Esther also shared that she has friends that need more “working hours” and so take up draining university jobs like “the security assistant (SA) positions” to make ends meet. Mutual Aid has a long rich history in liberatory practices dating back to the anti-slavery movements in the 1800s, pro-LGBTQ+ movements in the 1970s, and settlement efforts of immigrants and refugees from South & Central America, Africa and Asia over the 20th century. However, the system of giving was reconfigured (because of capitalism) into private and public institutions such as insurance companies and government welfare services. Donating to mutual aid funds has become mainstream again as a result of recent uprisings in communities of color and economic crises pertaining to the pandemic, and it should continue being so. For example, during the Black Lives Matter protests last summer, Mutual Aid took the form of snack stations, bail funds, and safe houses. These were all resources collected and provided through local community membership, not government expenditure.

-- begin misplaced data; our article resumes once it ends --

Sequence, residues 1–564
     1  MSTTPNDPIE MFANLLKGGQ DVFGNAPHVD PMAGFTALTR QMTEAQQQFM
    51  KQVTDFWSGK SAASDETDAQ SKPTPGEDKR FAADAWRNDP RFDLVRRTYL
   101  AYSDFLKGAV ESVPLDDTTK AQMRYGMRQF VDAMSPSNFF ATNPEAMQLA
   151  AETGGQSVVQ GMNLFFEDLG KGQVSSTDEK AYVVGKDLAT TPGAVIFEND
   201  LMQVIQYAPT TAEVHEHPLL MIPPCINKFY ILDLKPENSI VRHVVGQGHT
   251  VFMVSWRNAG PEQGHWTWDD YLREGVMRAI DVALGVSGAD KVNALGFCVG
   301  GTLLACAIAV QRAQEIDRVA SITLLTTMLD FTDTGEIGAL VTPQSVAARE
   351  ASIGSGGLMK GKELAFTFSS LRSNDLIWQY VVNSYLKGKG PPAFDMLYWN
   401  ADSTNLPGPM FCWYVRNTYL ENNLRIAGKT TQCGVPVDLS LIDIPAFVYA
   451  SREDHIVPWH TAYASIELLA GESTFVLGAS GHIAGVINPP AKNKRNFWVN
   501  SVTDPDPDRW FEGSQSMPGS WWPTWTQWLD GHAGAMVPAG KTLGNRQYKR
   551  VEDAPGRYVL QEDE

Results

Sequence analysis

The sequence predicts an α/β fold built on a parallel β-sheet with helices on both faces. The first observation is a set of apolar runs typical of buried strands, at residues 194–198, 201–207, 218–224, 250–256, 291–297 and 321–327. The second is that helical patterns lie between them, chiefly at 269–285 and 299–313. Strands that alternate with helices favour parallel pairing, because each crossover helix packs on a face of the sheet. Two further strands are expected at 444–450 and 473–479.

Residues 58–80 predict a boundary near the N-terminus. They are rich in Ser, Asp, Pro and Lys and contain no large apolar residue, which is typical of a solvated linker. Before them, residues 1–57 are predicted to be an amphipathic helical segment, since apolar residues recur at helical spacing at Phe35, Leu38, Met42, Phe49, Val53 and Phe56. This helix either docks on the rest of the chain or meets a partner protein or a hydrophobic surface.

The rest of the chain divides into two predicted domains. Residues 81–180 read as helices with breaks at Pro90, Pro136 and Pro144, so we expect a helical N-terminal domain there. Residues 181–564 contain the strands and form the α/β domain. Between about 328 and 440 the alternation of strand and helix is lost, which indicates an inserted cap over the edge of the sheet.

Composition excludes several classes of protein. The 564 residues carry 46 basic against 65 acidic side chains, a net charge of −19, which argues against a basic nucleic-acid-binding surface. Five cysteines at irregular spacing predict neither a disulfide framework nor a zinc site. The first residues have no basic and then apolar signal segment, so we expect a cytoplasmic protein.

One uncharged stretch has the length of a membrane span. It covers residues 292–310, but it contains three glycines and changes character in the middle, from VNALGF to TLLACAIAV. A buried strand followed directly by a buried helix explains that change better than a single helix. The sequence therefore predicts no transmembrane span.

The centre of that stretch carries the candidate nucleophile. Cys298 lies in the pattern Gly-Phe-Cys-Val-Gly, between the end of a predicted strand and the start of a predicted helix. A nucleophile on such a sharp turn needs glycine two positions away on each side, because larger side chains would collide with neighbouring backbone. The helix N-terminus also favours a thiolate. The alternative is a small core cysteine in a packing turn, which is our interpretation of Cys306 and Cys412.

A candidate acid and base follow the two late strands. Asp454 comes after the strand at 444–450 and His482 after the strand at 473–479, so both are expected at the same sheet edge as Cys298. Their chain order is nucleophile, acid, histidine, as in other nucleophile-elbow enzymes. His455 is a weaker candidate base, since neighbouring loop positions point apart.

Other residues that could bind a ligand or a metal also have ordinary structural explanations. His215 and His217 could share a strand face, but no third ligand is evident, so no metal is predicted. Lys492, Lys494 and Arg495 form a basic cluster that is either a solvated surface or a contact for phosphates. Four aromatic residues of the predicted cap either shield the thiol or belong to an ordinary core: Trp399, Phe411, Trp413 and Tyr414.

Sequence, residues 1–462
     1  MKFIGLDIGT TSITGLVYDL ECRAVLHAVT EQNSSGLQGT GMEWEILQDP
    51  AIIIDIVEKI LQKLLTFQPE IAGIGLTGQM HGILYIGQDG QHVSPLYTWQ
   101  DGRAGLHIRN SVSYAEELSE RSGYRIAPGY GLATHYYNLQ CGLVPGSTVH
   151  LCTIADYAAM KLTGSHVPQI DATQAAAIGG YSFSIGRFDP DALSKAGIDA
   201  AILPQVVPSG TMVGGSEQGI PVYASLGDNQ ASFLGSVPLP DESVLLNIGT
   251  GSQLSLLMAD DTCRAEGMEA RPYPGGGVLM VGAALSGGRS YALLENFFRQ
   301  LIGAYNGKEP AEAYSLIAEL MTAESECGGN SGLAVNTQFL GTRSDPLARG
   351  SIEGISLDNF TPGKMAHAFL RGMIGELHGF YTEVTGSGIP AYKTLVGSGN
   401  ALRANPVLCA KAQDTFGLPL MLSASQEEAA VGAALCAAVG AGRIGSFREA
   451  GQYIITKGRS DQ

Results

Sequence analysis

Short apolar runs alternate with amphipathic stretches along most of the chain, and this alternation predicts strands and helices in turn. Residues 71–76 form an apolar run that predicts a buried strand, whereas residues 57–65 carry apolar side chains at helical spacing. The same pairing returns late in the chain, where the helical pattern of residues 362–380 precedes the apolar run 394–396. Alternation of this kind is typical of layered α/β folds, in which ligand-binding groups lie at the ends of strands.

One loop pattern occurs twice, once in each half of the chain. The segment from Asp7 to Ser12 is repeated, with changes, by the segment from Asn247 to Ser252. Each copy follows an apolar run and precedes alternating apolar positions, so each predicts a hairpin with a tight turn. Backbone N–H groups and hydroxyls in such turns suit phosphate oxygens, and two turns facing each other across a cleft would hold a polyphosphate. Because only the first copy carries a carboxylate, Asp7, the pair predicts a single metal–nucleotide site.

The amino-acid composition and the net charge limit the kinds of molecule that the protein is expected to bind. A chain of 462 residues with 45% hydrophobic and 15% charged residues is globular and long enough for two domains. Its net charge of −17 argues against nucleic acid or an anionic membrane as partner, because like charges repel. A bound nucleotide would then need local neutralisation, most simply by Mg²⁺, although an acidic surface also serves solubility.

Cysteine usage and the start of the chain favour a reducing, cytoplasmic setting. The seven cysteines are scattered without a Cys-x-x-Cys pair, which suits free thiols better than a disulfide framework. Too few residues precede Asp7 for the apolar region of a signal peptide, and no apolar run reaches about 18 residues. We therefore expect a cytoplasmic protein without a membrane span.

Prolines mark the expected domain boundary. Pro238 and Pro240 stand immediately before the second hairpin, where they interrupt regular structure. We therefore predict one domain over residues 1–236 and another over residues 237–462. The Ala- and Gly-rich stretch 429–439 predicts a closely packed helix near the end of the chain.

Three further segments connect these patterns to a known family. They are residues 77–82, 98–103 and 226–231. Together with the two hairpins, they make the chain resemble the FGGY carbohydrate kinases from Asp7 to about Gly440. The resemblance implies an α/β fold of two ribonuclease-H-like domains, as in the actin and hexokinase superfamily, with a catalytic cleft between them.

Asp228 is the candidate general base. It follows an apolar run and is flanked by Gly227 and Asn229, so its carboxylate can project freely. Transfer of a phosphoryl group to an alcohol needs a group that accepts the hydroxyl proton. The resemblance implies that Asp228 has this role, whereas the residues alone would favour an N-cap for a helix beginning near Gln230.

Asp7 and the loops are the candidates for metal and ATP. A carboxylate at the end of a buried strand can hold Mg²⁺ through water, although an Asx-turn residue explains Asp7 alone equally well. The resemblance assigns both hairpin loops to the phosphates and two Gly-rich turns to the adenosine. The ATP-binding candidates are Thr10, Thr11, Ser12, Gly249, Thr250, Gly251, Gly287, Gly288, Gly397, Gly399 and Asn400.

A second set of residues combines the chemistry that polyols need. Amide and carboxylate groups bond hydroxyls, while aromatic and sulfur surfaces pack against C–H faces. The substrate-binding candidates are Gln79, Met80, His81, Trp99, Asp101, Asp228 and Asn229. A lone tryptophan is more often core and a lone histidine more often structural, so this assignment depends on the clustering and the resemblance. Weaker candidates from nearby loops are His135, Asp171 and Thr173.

When we provide funds with the understanding that the system will not, it is because institutions refuse to provide basic necessities for all people for the sole purpose of profit—never because there’s not enough. Frankly, no human being should have to worry about survival and accessing a modicum of comfort when surrounded by people who eat more than their fill. It’s time to unlearn and transcend the systems we were born into and engage in liberation through mutuality. Here are two MutualAid funds you can access and donate to in the larger South Miami area and also keep an eye out for our very own mutual aid network at the university launching very soon. The major wealth gaps within our UM community cannot be fixed overnight but the immediate worries of our peers in need of food, housing, and academic materials can be addressed now. Remember that every dollar counts when providing direct support.
REPORTER: Angella Nakasagga
THE CITY, Gravity Magazine, 2021.